As more and more airports decide to use biometric technologies to support flight operations, the question arises as to what benefits this could bring to the aviation industry as a whole.
Just last week, on November 15, British Airways became the first British airline to use biometric technology on its passengers. The trial, taking place at London Heathrow Airport and lasting six months, also follows the launch of Korea Air’s biometric self-boarding services in February this year. Such changes signal an advance in the technology used at airports.
Face recognition, in particular, has become a beneficial aspect of airport processes as more and more airports allow passengers to use their face as an identity. JFK Airport is one example, where it has introduced biometric boarding at 27 international gates in Terminal 4. Travelers traveling from these gates can approach a camera that uses facial biometric recognition to determine whether or not their face scan matches their travel document. Once this is considered a match, passengers can board the aircraft directly.
The technology means that passenger waiting time is drastically reduced as there is no longer a need to show passports or boarding passes at the departure gate. In fact, Vision-Box stated that using biometric boarding, it only takes 20 minutes to board 400 people, which is half the average time.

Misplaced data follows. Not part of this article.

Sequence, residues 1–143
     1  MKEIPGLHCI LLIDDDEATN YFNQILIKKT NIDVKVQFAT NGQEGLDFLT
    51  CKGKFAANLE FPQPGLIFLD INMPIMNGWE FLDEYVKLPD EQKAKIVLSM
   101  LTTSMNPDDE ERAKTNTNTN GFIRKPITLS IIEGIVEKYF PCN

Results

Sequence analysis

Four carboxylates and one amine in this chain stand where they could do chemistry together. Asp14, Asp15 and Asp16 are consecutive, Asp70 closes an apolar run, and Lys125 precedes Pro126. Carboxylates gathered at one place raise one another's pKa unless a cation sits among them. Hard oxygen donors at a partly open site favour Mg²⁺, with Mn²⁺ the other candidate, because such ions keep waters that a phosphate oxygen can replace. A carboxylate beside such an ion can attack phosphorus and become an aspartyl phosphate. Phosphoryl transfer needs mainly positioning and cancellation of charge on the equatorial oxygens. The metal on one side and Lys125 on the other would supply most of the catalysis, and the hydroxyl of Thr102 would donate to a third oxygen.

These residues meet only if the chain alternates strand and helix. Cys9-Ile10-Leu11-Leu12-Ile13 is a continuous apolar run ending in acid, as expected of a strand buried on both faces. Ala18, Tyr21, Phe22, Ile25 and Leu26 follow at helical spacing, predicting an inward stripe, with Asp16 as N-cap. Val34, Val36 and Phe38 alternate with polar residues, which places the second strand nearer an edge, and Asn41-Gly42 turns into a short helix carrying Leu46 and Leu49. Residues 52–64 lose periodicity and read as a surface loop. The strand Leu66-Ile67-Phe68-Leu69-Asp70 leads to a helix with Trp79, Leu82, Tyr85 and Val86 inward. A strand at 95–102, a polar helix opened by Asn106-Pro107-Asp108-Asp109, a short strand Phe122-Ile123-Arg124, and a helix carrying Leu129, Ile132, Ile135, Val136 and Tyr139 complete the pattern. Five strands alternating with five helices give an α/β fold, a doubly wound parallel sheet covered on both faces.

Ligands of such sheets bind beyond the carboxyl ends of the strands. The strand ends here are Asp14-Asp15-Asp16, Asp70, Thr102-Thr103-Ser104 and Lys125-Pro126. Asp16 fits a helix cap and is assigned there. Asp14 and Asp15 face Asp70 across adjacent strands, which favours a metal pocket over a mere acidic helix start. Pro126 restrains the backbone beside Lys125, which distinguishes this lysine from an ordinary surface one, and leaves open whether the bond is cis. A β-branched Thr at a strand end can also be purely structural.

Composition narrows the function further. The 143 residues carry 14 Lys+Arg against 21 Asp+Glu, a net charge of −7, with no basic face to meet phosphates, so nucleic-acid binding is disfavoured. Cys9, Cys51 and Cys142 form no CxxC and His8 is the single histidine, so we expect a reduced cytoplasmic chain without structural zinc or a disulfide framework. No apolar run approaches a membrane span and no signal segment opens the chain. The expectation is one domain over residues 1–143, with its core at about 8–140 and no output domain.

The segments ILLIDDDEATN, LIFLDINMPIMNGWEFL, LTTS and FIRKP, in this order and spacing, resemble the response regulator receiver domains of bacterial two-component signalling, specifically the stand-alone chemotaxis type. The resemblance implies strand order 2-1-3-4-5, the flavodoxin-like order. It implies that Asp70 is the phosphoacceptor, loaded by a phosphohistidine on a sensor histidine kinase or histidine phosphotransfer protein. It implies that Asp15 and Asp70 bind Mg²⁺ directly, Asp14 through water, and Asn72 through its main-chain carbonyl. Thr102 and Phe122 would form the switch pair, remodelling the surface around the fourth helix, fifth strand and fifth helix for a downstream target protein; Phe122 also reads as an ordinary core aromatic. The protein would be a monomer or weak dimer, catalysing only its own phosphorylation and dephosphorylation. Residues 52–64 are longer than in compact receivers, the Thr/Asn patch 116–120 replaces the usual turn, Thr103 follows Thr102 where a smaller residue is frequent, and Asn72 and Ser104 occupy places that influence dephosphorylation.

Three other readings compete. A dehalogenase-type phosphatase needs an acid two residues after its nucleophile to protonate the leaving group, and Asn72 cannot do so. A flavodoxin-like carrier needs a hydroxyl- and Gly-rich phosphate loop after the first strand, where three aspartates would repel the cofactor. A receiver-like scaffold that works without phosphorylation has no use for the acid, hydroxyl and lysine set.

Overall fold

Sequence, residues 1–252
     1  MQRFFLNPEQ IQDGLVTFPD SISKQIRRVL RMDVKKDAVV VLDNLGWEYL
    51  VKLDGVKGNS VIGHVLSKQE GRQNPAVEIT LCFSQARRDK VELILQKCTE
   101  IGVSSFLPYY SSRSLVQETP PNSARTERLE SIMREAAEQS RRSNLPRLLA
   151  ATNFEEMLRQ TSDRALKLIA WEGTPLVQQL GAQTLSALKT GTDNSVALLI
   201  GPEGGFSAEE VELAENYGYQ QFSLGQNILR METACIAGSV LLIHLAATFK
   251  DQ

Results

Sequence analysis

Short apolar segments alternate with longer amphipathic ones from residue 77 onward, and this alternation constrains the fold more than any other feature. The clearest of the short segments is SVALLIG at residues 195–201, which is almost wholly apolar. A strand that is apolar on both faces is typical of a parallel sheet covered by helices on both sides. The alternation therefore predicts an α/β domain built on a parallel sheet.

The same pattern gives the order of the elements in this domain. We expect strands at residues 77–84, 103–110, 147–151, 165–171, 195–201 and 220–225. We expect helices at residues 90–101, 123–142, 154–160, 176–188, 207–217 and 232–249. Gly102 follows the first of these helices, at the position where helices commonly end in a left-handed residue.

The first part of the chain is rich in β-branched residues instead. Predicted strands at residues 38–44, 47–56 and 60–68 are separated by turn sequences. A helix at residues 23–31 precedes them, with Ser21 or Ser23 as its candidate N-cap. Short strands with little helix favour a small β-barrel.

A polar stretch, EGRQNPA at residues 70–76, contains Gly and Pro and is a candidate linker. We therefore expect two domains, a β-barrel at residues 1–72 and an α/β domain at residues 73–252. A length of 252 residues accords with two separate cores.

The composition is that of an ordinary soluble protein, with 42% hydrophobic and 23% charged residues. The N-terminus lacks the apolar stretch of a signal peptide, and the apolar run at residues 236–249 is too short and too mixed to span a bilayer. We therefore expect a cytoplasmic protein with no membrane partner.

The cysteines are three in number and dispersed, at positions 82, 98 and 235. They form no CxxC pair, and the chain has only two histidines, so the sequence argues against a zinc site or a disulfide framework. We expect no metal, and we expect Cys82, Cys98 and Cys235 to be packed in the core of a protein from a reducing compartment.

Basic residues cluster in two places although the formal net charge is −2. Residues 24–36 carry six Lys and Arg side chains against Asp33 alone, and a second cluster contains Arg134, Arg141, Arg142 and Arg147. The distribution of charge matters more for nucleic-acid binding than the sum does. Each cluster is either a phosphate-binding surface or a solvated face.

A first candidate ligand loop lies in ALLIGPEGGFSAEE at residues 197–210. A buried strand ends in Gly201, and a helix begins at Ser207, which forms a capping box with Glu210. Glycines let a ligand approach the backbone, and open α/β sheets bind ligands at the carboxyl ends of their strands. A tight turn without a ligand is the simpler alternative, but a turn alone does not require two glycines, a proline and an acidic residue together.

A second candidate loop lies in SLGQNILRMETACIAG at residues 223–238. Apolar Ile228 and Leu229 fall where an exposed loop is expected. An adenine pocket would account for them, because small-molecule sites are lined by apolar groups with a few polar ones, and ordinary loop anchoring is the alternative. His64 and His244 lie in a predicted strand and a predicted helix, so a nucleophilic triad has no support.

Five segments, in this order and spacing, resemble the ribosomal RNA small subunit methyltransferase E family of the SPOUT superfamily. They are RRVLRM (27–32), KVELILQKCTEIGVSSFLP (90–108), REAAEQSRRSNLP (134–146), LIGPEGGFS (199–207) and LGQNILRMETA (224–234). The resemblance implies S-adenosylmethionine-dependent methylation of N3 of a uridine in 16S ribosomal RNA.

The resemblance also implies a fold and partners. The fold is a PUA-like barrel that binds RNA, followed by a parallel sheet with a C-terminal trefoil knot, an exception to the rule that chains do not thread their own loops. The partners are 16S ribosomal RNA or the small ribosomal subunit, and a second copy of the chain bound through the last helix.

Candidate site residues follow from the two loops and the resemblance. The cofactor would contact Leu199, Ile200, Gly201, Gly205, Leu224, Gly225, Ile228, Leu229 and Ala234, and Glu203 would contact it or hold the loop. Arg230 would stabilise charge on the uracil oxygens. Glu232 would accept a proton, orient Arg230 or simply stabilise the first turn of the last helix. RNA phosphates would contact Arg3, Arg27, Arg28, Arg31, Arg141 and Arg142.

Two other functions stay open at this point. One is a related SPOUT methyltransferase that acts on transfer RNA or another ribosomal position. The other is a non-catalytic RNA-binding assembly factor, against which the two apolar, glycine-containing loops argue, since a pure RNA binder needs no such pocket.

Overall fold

Switching to this technology also helps increase airport security. The United States Customer and Border Protection Agency (CBP) rolled out facial recognition technology for border identification checks at 27 American airports in May 2020 to provide travelers with a measure of security for added security.
This summer there will also be a significant increase in the number of biometrics facilities at London Heathrow as they tackle a £50m project. In addition to self-boarding gates, these products also help with baggage check-in.
disadvantages to consider
Every new technological development brings its controversies, and the use of biometric technology is no exception. Some reports have raised concerns about the reality of using facial recognition to prove an individual’s identity. This is because the appearance changes frequently and there are situations unrelated to the aviation industry where some features have not been recognized, such as: B. Darker skin. This underscores the issue of race in facial recognition and whether its reliability should be questioned.
Despite its disadvantages, we can only hope for further improvements in technology.
What do you think about the use of biometric technology at airports? Let us know in the comments.